Ready For Spring Training? How Soccer Players Can Survive Allergy Season

As spring quickly approaches, athletes are getting ready to hang their winter attire and embrace the joys of soccer season. Unfortunately, it is also the time when seasonal allergies spring into action. Based on a study of recreational runners, only 0.5% out of the 42% with reported spring allergies took prescription medication before exercise, according to the Allergy & Asthma Center. This is because the majority of athletes were concerned about the negative side effects on sports performance. So, while medication may not always be the right answer for athletes, here’s how soccer players can survive the spring allergy season. 

How to Survive Spring Allergies During Soccer Training

Know What Triggers Your Allergies

Tree pollen and grass in the field can spark allergies in any player. In fact, Italian player Mario Balotelli had to leave the field mid-game due to a severe allergic reaction. Some of the most common things athletes are allergic to are airborne, including pollen found in plants, dust mites around the home, mold found in poorly ventilated areas like sewers, and pet dander. Other allergen triggers susceptible to athletes include insects, chemicals from pesticides on lawns, and even dyes from jerseys and sports gear.

Visit an Allergist

Seasonal spring allergies are fairly easy to identify, while others are less obvious. If you are experiencing cold-like symptoms that last longer than a week or notice a pattern every year, now’s the time to visit your doctor. After an allergy is diagnosed, they will prescribe medicine based on your allergy tests. 

Practice Nasal Rinsing After Every Field Day

What sounds like a tedious task isn’t as hard as it may be. Saline rinses help keep your nose clear of foreign irritants. If you are already experiencing signs of nasal congestion, a simple sinus rinse can help alleviate the symptoms and reduce the onset of an allergic rash. What’s more, you can practice this daily and after every practice out on the field. 

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Practice good hygiene 

Take a shower as soon as you arrive home. Not only will rinsing off before bedtime prevent the spread of pollen from getting onto your clothes and furniture, it will help keep you from breathing them in at night. In fact, allergy symptoms worsen during nighttime. To prevent this, a warm, steamy shower can help clear your nasal passages and make it easier to breathe. Not to mention, try to leave your gear outside and away from living spaces.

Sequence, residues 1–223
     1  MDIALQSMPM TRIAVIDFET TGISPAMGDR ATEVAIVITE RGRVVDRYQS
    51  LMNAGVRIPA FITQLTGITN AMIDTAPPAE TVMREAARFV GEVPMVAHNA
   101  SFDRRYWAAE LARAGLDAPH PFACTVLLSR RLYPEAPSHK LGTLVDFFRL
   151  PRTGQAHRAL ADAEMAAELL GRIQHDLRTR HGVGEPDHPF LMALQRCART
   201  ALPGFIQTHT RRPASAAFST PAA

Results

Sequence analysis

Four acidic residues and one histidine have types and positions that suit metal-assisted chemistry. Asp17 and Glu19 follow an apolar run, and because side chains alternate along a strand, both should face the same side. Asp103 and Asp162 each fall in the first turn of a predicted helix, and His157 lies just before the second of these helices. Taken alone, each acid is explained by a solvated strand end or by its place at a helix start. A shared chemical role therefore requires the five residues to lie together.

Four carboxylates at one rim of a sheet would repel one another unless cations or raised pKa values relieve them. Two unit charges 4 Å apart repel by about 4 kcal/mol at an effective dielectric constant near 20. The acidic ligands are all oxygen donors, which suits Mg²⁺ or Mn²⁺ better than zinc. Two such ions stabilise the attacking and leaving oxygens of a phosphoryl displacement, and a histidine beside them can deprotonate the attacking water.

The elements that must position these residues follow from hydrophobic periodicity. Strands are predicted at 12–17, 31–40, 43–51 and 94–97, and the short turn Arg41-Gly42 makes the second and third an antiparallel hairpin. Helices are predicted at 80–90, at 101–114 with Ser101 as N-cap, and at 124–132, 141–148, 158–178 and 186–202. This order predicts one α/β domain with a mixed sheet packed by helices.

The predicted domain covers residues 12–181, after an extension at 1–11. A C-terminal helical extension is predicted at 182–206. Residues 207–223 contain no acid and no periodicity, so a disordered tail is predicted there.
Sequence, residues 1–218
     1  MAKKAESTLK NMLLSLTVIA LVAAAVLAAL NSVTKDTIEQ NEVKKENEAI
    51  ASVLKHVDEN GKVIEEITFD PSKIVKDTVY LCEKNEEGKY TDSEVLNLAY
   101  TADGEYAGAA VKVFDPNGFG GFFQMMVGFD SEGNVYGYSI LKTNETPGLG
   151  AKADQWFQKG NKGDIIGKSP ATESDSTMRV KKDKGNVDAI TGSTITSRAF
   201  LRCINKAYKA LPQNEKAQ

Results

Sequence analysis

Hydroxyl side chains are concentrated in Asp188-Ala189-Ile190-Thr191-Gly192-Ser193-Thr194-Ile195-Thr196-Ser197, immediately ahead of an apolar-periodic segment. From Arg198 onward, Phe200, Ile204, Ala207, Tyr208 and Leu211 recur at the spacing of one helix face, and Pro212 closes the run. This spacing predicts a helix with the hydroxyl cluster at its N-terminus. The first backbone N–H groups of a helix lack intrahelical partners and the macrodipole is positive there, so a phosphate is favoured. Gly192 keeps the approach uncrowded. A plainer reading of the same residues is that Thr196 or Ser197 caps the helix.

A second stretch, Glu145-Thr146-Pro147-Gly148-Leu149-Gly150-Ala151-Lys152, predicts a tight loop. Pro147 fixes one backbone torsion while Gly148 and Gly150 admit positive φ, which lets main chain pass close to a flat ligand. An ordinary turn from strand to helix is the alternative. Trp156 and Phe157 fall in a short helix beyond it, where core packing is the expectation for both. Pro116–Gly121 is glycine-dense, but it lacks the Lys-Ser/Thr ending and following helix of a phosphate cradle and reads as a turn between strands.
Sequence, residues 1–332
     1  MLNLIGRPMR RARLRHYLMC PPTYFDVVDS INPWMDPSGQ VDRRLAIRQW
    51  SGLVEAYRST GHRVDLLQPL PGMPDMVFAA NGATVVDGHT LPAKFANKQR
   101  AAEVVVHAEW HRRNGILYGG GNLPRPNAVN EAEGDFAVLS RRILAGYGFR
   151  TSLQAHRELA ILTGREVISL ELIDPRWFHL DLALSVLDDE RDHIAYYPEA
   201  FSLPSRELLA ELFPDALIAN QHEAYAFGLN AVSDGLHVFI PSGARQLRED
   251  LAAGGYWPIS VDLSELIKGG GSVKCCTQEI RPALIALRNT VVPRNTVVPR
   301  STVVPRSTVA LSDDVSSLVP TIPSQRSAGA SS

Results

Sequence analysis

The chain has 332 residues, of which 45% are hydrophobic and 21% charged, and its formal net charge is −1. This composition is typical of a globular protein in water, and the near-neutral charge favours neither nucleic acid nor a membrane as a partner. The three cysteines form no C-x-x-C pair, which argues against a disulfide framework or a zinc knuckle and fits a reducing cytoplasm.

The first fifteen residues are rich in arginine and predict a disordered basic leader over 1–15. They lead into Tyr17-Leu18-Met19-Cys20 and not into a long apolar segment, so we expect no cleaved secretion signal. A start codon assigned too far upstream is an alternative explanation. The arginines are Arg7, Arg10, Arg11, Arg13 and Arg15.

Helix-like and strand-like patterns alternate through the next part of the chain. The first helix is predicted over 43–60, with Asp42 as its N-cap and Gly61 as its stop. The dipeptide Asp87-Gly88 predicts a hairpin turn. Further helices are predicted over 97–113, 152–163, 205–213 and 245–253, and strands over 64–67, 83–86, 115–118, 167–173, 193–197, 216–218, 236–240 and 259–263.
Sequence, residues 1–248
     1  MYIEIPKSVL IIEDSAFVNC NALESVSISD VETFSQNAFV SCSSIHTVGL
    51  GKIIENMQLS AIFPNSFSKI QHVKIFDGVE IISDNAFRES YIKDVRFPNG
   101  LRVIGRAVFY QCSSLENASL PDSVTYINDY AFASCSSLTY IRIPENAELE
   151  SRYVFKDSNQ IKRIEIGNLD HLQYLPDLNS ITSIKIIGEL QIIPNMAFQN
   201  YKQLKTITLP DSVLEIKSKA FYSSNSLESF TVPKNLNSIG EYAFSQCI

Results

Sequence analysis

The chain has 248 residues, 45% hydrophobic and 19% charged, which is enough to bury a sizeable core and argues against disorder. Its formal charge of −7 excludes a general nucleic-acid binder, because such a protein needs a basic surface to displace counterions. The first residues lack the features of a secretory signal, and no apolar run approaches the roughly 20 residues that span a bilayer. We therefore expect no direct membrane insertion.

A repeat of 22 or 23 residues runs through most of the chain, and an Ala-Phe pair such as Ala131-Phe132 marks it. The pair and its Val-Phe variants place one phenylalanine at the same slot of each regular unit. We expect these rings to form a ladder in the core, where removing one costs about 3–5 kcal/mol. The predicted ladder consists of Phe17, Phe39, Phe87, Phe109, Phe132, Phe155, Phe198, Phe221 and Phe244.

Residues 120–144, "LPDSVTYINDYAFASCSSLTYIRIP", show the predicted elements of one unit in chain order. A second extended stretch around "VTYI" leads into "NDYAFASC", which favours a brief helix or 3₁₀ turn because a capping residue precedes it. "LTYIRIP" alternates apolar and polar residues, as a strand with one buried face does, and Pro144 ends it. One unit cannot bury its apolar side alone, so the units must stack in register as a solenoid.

Consider Holistic Treatments

Various studies suggest that acupuncture can be just as effective, if not more, than allergy medication. In fact, the Institute for Social Medicine reveals that there is evidence to support acupuncture as a cost-effective and beneficial method as an additional treatment for seasonal allergies. Another great alternative treatment is to try Butterbur. 

A specific Butterbur extract called Ze 339 was proven to be as effective as the popular antihistamine drug in controlling the onset of hay fever. Without the traditional side effects of drowsiness, the American Academy of Allergy, Asthma, and Immunology was said to have approved butterbur’s effectiveness in quelling outdoor allergies. 

Without proper guidance, you may not be able to determine the actual triggers of your spring allergies. Set an appointment with your allergist for a skin test and determine the best plan to avoid them on and off the soccer field.

3 thoughts on “Ready For Spring Training? How Soccer Players Can Survive Allergy Season”

  1. My daughter loves to play soccer, but she always struggles in the spring because her allergies make it harder for her to breathe. Thanks for mentioning that if you notice a pattern where this happens at the same time every year, it can be smart to visit an allergist. I’ll have to look into making an appointment for her because I think it would really help her as a player to not have to worry about it as much.

  2. Allergies are your child’s immune system reaction to substances it believes are invaders, such as dust, food, and grass. When they contact the allergen, they produce antibodies that seek to destroy it by fighting it off.


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